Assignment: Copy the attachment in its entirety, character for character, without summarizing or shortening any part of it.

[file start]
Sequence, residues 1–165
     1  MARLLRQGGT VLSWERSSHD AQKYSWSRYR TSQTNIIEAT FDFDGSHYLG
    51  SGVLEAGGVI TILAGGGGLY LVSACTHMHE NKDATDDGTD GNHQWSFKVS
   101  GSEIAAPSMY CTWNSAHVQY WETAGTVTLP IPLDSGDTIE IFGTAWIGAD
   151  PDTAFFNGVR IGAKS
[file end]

Sequence, residues 1–165
     1  MARLLRQGGT VLSWERSSHD AQKYSWSRYR TSQTNIIEAT FDFDGSHYLG
    51  SGVLEAGGVI TILAGGGGLY LVSACTHMHE NKDATDDGTD GNHQWSFKVS
   101  GSEIAAPSMY CTWNSAHVQY WETAGTVTLP IPLDSGDTIE IFGTAWIGAD
   151  PDTAFFNGVR IGAKS